By Chris Karenbauer
I have waited a long time for “Tales of the Jedi” to drop, and let’s just say Dave Filoni has been exceeding my expectations since “The Clone Wars. “Tales of the Jedi” has six 15-minute episodes, and although I wish Filoni gave us more, it’s so well made that we don’t need more.
“Tales of the Jedi” follows two main characters: Count Dooku and Ahsoka Tano. But I think the most interesting arc is Count Dooku. Yes, Ahsoka is a great character, and I have loved her since her introduction in “Star Wars: The Clone Wars.” But until now, Count Dooku’s fall to the Dark Side has been a mystery.
We are introduced to Count Dooku in the second episode “Justice” with his Padawan Qui-Gon Jinn. In this episode, Dooku still adheres to the Jedi Code, but he becomes disillusioned when the people he’s trying to help claim that the Jedi serve a corrupt Senate. And in a way, they do.
Dooku and Qui-Gon are on an unnamed barren planet where the people kidnap the senator’s son in protest of the senator’s corruption. When the Jedi arrive, the senator’s son – though still a prisoner – sympathizes with the people.
I could see the conflict on Dooku’s face. He’s disgusted by how much the people suffer under the senator’s policies. Dooku even goes as far as Force choking the senator when he arrives on the planet. If it wasn’t for Qui-Gon’s quick thinking, Dooku probably would have completely given into the Dark Side.
The next two episodes, “Choice” and “The Sith Lord,” focus more on Dooku’s slip to the Dark Side. These two episodes are set long after “Justice” and mention Qui-Gon and his apprentice Obi-Wan facing a Sith Lord on the planet Tatooine, a callback to the events of “The Phantom Menace.”
In “Choice,” Count Dooku and Mace Windu (who isn’t part of the Jedi Council yet) travel to the planet Raxus Secundus to investigate the death of Jedi Master Katri. Windu comments to Dooku to follow what the Council instructs them to do regarding their mission. Dooku, growing more disillusioned with the Jedi, remarks on his distrust in the Jedi Code. “Your devotion to rules is sometimes inspiring and sometimes maddening,” he says to Windu. Later on, we see Dooku in the Jedi Temple library erasing Kamino in the archives, giving Obi-Wan a headache 10 years later in “Attack of the Clones.”
In “The Sith Lord,” Dooku’s loyalties to the Jedi completely shatter after news of Qui-Gon’s death. He confronts his master, Darth Sidious, about his former Padawan’s death. Unbeknownst to both of them, Yoda’s female counterpart Yaddle follows them and tries to convince Dooku to turn back from the Dark Side. Their epic fight is Dooku’s test to prove his worthiness to become Darth Sidious’s new apprentice.
Though we don’t get to see a lot of Yaddle in the “Star Wars” series, her death is tragic, and I may have shed a few tears. Dooku’s descent to the Dark Side is equally tragic because he wants to bring order to the galaxy but is led astray by Sidious.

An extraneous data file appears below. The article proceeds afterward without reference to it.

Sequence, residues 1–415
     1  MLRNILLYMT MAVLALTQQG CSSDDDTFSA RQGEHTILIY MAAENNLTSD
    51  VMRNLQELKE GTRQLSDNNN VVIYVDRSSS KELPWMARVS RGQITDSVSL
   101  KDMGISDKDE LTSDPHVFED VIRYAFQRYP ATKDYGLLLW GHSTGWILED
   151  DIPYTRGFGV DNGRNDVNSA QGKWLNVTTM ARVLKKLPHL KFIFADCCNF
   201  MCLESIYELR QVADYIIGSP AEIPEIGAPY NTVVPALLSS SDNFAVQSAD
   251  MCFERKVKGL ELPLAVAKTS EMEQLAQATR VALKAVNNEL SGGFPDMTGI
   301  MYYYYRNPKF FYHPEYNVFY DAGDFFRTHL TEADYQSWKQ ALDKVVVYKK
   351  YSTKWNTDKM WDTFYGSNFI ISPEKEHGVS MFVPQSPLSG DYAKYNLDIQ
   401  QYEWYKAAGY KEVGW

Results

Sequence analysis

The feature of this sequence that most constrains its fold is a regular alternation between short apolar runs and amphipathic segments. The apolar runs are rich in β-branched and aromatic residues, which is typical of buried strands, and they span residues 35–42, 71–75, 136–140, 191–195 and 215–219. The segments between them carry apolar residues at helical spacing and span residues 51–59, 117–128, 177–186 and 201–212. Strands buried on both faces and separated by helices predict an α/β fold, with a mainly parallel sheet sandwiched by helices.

The second arc is all about Ahsoka, her birth and her training. The first episode of the series “Life and Death,” introduces us to Ahsoka’s mom and dad, Pav-ti and Nak-il. When Ahsoka is a year old, Pav-ti takes her hunting when a creature similar to a sabertooth tiger attacks and takes Ahsoka.
The village rallies and searches for the baby, and when they begin to lose hope, the creature brings Ahsoka back. Baby Ahsoka uses the Force to connect with the creature, and the elder declares Ahsoka a Jedi.
After an interruption with Dooku’s arc, we see Ahsoka once again in “Practice Makes Perfect” when she’s in the middle of a training session. Ahsoka’s master Anakin Skywalker complains that the training is too easy for her and designs a new training program for her.
Anakin’s rigorous training teaches Ahsoka to protect herself when he can’t do it himself. And we see her utilizing her master’s training when she’s surviving Order 66. Filoni broke my heart once again when he reused a scene from “Clone Wars” season 7 when Ahsoka and Rex meet the 501st in the hangar bay. They survive thanks to Anakin’s training.
The last episode “Resolve,” shows Ahsoka as a fugitive, and though she’s in hiding, she still helps people when she can. She even fights her first Inquisitor – the show doesn’t mention which one – and kills him. At the end, she contacts Bail Organa and begins her journey as the rebel spy “Fulcrum.”
Overall, “Tales of the Jedi” is excellent. The music is phenomenal with “Dual of the Fates” playing in the background when Dooku contemplates Qui-Gon’s death and later “Ahsoka’s Theme” playing when she faces the Inquisitor in “Resolve.”
The returning voice actors made my heart race, with James Arnold Taylor and Matt Lanter returning as Obi-Wan and Anakin respectively, but especially Corey Burton returning to voice Count Dooku. Even as a Jedi, Dooku still had a tone of authority and sinisterness, and Burton does a great job of capturing a young Dooku.
Both Dooku and Ahsoka experience hardships in their lives that shape them, but their reactions to those experiences build them to become a tragic villain or beloved hero.
I give “Tales of the Jedi” a 10/10
“Tales of the Jedi” is now streaming on Disney+
Chris Karenbauer is a senior Journalism major and the Editor-in-Chief for Cedars. She enjoys reading and writing, hanging out with friends and listening to music.
Images courtesy of Lucasfilm